Tag Archives: forensics

Photographic forensics

The FotoForensics site can be a valuable tool in checking the authenticity of an image. It’s easy to alter images with software and try to fool people with them. FotoForensics uses a technique called Error Level Analysis (ELA) to identify suspicious areas and highlight them visually. Playing with it a bit shows me that it takes practice to know what you’re seeing, but it’s worth knowing about if you ever have suspicions about an image.

New Horizons Pluto picture with cartoon PlutoLet’s start with an obvious fake, the iconic New Horizons image of Pluto with the equally iconic Disney dog superimposed on it. The ELA analysis shows a light-colored boundary around most of the cartoon, and the interior has very dark patches. The edge of the dwarf planet has a relatively dim boundary. According to the ELA tutorial, “Similar edges should have similar brightness in the ELA result. All high-contrast edges should look similar to each other, and all low-contrast edges should look similar. With an original photo, low-contrast edges should be almost as bright as high-contrast edges.” So that’s a confirmation that the New Horizons picture has been subtly altered.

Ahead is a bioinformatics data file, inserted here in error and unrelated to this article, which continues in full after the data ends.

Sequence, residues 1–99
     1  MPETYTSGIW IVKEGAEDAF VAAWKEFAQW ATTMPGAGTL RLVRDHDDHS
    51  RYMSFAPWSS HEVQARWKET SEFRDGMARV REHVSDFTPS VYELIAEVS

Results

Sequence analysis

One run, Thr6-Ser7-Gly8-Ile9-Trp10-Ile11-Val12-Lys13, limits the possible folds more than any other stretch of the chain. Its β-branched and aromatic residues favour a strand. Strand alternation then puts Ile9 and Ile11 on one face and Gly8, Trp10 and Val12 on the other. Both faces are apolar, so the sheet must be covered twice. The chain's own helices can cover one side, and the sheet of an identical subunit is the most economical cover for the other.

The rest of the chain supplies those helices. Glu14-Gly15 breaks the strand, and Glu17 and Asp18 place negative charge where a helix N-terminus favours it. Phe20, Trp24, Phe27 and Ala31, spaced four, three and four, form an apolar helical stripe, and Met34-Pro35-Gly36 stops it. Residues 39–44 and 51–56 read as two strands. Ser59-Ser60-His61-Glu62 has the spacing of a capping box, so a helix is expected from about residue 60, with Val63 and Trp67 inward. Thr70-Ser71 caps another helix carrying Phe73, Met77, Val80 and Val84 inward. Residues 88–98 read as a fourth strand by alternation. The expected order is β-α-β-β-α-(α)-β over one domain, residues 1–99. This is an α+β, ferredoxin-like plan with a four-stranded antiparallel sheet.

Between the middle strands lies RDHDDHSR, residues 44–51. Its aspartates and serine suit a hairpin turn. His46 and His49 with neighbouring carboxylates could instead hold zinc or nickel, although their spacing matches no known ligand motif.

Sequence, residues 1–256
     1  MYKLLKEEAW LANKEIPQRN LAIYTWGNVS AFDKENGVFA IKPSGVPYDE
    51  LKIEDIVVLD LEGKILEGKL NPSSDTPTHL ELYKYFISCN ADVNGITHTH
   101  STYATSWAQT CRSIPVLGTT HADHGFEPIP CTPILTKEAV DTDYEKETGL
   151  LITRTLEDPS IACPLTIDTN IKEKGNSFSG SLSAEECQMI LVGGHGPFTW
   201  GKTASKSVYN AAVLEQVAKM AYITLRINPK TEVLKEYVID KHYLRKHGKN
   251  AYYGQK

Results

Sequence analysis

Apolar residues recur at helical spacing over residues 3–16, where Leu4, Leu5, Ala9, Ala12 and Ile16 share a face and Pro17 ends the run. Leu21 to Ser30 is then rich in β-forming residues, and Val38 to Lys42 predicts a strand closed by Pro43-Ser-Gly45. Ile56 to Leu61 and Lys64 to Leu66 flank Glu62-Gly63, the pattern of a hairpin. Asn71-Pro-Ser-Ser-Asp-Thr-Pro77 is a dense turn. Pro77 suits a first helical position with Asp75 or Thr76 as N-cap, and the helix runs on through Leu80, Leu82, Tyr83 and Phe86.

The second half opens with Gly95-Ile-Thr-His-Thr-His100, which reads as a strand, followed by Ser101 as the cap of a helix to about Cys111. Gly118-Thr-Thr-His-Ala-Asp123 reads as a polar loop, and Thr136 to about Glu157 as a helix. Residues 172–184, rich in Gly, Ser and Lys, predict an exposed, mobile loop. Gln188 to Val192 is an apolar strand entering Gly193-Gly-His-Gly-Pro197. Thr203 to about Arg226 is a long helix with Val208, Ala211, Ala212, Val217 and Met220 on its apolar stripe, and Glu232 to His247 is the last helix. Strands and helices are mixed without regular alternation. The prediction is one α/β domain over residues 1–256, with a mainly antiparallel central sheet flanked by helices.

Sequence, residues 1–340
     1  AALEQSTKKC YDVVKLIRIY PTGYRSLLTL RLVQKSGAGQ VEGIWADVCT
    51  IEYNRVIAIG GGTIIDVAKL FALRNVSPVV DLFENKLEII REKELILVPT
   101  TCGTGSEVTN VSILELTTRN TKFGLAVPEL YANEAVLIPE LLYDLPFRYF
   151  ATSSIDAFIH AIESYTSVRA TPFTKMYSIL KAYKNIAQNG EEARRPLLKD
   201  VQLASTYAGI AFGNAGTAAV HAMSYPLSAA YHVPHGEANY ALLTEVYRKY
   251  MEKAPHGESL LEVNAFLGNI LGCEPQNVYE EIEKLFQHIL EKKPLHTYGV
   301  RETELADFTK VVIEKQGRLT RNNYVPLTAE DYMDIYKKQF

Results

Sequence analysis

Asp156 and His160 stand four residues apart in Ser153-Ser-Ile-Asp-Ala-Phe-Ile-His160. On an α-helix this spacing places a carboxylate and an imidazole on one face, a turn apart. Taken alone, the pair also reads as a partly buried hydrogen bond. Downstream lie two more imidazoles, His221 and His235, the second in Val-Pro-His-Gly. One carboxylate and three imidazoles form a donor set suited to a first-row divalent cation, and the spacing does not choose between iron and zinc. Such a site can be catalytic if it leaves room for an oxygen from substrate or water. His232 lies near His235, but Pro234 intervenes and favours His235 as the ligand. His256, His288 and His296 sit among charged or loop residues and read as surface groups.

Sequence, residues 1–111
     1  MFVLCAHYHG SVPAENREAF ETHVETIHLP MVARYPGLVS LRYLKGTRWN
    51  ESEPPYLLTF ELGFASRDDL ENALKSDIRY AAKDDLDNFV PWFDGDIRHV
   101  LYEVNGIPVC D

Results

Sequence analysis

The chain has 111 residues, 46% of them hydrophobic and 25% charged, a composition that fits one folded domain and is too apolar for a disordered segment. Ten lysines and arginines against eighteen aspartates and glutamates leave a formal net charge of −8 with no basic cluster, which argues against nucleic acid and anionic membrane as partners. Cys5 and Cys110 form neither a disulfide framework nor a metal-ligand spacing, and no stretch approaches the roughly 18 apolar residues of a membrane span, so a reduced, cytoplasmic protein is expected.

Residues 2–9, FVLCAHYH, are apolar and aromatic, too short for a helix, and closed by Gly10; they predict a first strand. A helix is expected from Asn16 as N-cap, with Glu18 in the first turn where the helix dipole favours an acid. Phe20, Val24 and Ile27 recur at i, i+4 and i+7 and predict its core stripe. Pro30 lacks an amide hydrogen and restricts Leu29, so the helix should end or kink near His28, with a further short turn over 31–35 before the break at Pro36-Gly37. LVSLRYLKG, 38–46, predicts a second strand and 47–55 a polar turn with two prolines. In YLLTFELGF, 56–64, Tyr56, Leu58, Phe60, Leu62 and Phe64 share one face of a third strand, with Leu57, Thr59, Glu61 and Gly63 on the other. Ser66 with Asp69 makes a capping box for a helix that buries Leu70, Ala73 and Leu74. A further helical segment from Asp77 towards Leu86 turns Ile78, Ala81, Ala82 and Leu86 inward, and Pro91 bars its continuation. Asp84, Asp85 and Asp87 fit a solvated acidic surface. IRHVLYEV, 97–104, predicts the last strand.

Let’s compare that to an analysis of the unaltered image. The “heart” stands out as a dark spot on the ELA image, but its edges aren’t noticeably brighter than the edges of the planet’s (OK, “dwarf planet”) image. The tutorial says that “similar textures should have similar coloring under ELA. Areas with more surface detail, such as a close-up of a basketball, will likely have a higher ELA result than a smooth surface,” so it seems to make sense that the smooth heart (which is something like an ice plain) looks different.
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“Digital forensics”

Now and then I see talk about “digital forensics.” It’s never clear what it’s supposed to mean. “Forensic” means “belonging to, used in, or suitable to courts of judicature or to public discussion and debate.” In popular usage, it’s generally applied to criminal investigations, especially in the phrase “forensic medicine.”

Some activities could be called digital forensics, where digital methods help to resolve contentious issues. For instance, textual analysis might shed light on an author’s identity. Digital techniques can even solve crimes. Too often, though, the term is getting stretched beyond meaningfulness, to the point that routine curation practices are called “forensics.”

No doubt it feels glamorous to think of oneself as the CSI of libraries, but let’s not get carried away with buzzwords.